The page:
directed by Petter Naess
(First Look, 2001)
Elling is a 40-year-old Norwegian man who lived with his mother until her death, at which point he moved into one of her closets, where he was eventually discovered by the state of Norway. Kjell Bjarne is a 40-year-old of similar nationality but much less brain who has spent most of his four decades lamenting his virginity.
How they become roommates at a Norwegian mental hospital is never made entirely clear. What is clear, though, is the state of Norway's plan for them: they're discharged together into a "welfare apartment" in Oslo, where they are to begin the tortuous road back to the real world under the guiding hand of a not-too-social social worker named Frank Asli.
From the outset, it's clear that neither Elling (Per Christian Ellefsen) or Kjell Bjarne (Sven Nordin) is up to or interested in the task. But what the state of Norway has joined together, no man is about to tear asunder, especially under the watchful eyes of Asli (Jorgen Langhelle).
Their social worker quickly gives them a lesson in the use of the telephone, and Elling and Kjell Bjarne -- Elling never calls him by only one name -- just as quickly discover the joys of phone sex.
And thus is set the course for one of the sweetest, funniest films ever to cross the Atlantic.
Petter Naess's Elling is a film of Chaplinesque simplicity, based on the premise that if you follow two very quirky codependent characters around, some very funny things are bound to happen. And it works, in part because Naess allows the humor to flow from the characters, and in part because of his keen visual sense: the metal clothes hanger Elling and Kjell Bjarne use for their radio antenna tells you all you need to know about their readiness for the world.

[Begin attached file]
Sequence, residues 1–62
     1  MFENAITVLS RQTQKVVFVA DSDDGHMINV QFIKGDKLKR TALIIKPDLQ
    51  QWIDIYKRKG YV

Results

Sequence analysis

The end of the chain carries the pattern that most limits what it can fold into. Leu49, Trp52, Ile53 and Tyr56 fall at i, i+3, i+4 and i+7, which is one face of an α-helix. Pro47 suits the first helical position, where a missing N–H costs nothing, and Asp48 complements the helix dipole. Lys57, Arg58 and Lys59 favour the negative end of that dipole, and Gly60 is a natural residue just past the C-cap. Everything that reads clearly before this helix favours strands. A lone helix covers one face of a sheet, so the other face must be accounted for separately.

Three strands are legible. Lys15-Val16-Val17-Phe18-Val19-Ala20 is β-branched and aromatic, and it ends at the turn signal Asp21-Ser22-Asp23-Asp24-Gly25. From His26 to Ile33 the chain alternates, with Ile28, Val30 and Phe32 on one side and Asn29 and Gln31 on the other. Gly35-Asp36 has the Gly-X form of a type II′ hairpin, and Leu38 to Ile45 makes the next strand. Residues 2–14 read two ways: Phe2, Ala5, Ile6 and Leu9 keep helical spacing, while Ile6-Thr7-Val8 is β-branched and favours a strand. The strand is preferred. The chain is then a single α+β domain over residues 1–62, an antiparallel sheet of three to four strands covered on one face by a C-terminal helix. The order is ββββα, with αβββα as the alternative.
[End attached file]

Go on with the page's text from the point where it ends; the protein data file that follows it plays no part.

Ultimately, however, it's the pursuit of their dreams that brings Elling and Kjell to the brink of madness, and hilarity.
It begins when the tee-totalling Elling decides to attend a poetry meeting at a bar he sees advertised in the newspaper. Just getting there turns out to be an odyssey in itself.
The fallout is just as amusing: not only does he meet an older man (Per Christensen) he begins to describe as "his drinking buddy," but he decides to embark on a career as an underground poet, the Enigmatic "E." And he chooses for himself a most unlikely venue -- one you'll miss if you're not paying close attention.
Meanwhile, Kjell -- a kind of Norwegian Victor McLaglen, if such a thing is possible -- begins the process of deflowering himself, beginning with a chance encounter on Christmas Eve with their upstairs neighbor, the seduced-and-abandoned Reidun (Marit Pia Jacobsen). Again, the process isn't pretty, but it's full of wisdom and good humor.
Elling is one of those rare films that has the power to surprise and delight viewers at every turn. While their ultimate goals may become transparent, the paths by which Elling and Bjarne get there is always a mystery until the very last moment.
Granted, it's a small film, but it has big things to say. And those things have resonated with audiences around the world.
Naess's film has won awards in Warsaw, Stockholm, San Sebastian and Seattle. It was nominated for an Academy Award in 2002 as Best Foreign Language Film, and an English-language version is reportedly in production.
My advice is to check out the original. Films like this rarely come along twice.